There are certain enzymes that we are more familiar with, such as the amylase I have discussed in an earlier blog. Amylases break down starches. Lipases break down fats, and proteases break down proteins. However, one of the most widely used enzymes in the animal feed industry is an enzyme called phytase. The substrate of phytase (the molecule that it acts upon) is phytic acid, an organic form of phosphorus found in grains and seeds. Why does this matter? Monogastric animals (non-ruminants) cannot produce (a significant amount) of their own phytase. Therefore, they can’t break down phytic acid in their diet, so they can’t utilize phosphorus from this source. This form of phosphorus ends up passing out of the animal in its undigested form. This is not only wasteful, but also is a significant contributor to phosphate pollution in the environment.
One industry that uses phytase supplementation extensively is the poultry farming industry. Birds are raised in the most cost-effective manner, which requires maximum utilization of their feed. If they are passing a phosphorus source through their systems without using it, they are throwing away the farmers’ money. In this case, the owner of the operation will have to supplement with additional phosphorus to meet the birds’ dietary needs. The most cost-effective solution is to add phytase to the feed. This way, less supplemental phosphorus is needed, and there is less phosphate pollution in the birds’ waste. Other enzymes, such as xylanases and mannanases are also extremely beneficial in poultry farming to maximize feed utilization. They similarly break down parts of the diet that are otherwise indigestible to the animals. These are increasing in use, especially as consumers demand foods grown without the use of as many medications and antibiotics.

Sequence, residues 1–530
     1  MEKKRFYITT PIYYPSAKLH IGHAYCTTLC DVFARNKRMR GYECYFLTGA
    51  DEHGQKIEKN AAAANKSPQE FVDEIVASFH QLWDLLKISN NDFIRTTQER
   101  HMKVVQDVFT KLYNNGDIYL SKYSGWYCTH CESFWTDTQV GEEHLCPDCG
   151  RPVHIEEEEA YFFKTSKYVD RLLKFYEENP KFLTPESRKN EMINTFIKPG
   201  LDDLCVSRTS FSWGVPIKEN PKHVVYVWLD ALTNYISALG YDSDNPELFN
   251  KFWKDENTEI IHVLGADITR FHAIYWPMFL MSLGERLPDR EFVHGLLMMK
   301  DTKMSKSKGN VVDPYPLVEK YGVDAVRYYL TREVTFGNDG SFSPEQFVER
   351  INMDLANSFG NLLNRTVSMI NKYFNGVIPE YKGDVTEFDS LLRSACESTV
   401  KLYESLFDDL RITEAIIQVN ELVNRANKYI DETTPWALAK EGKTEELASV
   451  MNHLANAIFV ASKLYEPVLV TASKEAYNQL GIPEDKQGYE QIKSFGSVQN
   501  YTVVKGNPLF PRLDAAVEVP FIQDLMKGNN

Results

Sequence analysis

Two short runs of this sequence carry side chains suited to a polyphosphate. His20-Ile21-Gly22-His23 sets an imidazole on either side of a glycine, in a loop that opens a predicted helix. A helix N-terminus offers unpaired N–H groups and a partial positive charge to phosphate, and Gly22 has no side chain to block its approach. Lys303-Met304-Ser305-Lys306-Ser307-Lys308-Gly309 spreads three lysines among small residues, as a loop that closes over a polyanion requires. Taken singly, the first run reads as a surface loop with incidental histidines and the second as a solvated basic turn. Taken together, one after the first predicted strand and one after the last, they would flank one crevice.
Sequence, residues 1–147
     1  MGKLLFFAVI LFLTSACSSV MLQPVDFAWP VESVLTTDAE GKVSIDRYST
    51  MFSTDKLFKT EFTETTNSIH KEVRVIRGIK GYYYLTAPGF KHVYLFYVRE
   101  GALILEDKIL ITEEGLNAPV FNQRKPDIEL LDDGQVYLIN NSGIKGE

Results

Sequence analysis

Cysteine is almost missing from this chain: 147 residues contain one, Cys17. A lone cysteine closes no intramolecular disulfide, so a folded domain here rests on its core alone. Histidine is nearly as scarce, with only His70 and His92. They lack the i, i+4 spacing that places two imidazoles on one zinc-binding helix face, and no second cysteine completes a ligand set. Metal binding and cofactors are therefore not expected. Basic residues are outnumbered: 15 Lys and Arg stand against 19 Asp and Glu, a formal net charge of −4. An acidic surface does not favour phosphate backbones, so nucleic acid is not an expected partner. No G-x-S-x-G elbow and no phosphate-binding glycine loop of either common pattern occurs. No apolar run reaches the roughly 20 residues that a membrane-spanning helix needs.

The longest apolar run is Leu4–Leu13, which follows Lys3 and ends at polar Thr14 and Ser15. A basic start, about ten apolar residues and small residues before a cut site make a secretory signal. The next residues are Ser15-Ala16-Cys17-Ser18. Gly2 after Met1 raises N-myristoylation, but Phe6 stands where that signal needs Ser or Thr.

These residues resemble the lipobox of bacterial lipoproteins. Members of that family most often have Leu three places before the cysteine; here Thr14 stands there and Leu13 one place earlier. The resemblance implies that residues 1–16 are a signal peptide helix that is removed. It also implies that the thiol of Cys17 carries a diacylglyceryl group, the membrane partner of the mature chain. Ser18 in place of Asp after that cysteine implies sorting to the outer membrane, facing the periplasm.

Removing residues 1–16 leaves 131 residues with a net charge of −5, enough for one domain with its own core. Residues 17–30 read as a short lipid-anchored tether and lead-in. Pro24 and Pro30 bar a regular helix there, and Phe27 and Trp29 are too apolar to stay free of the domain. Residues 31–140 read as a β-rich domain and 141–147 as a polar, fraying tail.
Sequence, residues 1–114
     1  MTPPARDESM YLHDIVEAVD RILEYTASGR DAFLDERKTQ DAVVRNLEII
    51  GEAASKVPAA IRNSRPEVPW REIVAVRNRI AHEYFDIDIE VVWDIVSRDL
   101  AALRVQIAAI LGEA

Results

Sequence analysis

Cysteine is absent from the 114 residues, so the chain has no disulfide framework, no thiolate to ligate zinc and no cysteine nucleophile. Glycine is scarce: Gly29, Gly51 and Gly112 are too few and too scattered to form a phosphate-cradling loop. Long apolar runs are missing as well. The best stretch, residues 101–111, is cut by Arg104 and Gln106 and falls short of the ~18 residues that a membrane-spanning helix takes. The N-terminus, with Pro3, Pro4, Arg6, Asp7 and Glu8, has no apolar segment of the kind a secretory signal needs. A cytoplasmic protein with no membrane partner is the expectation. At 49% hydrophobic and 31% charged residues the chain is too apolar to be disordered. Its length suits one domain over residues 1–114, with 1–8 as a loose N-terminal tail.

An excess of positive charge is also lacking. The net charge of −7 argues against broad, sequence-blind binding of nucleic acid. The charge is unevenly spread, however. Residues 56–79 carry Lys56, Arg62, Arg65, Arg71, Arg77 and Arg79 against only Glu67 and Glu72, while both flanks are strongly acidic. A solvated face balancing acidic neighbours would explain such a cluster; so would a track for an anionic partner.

Swine growers often use phytase for the same reasons as poultry growers. It helps to increase available phosphorus in the diet while reducing environmental pollution. Phytase can also be included in equine supplements in combination with several other beneficial enzymes. The way to optimize effectiveness is to choose the particular enzymes and dosages based on the feed components and the nutritional needs of the animal. Please feel free to contact me with any questions regarding enzymes in animal feed, or with any suggestions for a blog topic! email@example.com